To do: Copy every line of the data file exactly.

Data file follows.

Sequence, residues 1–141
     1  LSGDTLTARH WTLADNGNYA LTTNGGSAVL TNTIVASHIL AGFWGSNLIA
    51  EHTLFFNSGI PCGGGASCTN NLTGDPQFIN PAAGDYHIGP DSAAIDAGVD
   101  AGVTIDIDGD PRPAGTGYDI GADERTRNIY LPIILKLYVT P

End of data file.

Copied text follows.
Sequence, residues 1–141
     1  LSGDTLTARH WTLADNGNYA LTTNGGSAVL TNTIVASHIL AGFWGSNLIA
    51  EHTLFFNSGI PCGGGASCTN NLTGDPQFIN PAAGDYHIGP DSAAIDAGVD
   101  AGVTIDIDGD PRPAGTGYDI GADERTRNIY LPIILKLYVT P